The photos are confused: are these good guys or bad guys? The guy slumped in the car, is he sleeping or dead? Is the guy talking on the phone scared or defiant? And, one year on, who actually won and has anything changed? The Last Days of Mubarak at foto8 is unsettling in many ways.
There were so many photojournalists covering the Tahrir Square occupation and attendant pro and anti Mubarak protests that to draw out the work of just two could feel somewhat restricting. But, instead, what comes across is how even in the heart of the action there are long lulls and almost total uncertainty. It’s also somewhat bizarre to go to the foto8 gallery on Honduras Street and have almost total silence whilst calmly considering photos of insanity.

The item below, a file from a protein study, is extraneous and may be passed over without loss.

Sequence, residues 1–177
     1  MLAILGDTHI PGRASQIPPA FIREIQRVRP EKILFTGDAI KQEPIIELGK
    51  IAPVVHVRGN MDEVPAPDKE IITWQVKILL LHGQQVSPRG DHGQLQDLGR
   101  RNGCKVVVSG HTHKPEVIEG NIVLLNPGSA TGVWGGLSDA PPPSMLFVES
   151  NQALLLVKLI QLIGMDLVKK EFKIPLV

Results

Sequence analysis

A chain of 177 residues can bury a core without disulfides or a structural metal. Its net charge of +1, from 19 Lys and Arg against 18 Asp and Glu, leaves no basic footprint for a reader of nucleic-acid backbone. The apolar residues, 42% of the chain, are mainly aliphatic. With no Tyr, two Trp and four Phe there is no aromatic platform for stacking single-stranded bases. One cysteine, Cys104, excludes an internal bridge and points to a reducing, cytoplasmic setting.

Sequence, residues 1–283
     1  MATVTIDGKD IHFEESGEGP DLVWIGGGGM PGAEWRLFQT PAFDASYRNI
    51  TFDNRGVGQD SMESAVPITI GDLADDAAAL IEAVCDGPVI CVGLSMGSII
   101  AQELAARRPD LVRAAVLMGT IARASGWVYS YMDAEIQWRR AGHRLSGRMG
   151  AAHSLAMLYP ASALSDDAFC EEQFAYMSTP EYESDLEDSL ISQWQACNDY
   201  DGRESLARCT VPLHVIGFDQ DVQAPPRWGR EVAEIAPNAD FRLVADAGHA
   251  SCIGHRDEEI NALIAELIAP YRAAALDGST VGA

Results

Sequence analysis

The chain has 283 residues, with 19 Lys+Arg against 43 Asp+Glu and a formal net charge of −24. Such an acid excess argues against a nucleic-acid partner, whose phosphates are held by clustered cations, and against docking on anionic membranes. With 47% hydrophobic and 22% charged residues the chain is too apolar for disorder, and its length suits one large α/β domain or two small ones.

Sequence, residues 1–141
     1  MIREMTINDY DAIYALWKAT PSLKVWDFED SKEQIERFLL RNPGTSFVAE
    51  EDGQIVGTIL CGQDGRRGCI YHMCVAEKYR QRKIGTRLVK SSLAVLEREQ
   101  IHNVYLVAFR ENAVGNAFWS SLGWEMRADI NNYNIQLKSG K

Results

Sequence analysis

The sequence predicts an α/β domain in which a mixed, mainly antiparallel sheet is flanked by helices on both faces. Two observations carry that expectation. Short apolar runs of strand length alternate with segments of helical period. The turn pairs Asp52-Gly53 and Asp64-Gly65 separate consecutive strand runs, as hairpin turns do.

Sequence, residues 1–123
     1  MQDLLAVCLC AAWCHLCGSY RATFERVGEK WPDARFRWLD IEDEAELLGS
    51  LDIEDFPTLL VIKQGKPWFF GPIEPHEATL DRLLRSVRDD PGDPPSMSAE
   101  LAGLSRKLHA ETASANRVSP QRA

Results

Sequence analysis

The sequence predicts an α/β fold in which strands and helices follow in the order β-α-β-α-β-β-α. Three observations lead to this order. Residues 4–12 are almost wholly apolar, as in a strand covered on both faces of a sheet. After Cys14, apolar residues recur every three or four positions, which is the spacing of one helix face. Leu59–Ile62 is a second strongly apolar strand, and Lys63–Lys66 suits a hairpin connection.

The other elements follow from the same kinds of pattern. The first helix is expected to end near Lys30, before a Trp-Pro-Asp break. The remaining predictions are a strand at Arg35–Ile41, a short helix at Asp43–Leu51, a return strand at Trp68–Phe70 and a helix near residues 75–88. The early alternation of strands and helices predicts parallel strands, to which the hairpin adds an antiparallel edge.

The work is obviously of a very high standard and there are a few very effective recurring ‘looks’ principally catching a lone young man away from the crowd who is either tired or wounded, or both. For example, a man propped against a graffiti strewn wall, his hand glasping a rolled up Egyptian flag but his body lacking the energy to go on, the head shot of a man who has taken a beating but who looks to have achieved some form of serenity as a result. There are also strong shots from within the mass – picking out the contrasts here too as Christians march with Muslims, or women stand defiant in a crowd separate from their men.
So a compelling and intriguing exhibition – as difficult to draw conclusions from as the country from which the photos come. One year on and nobody still really knows who won or what happens next.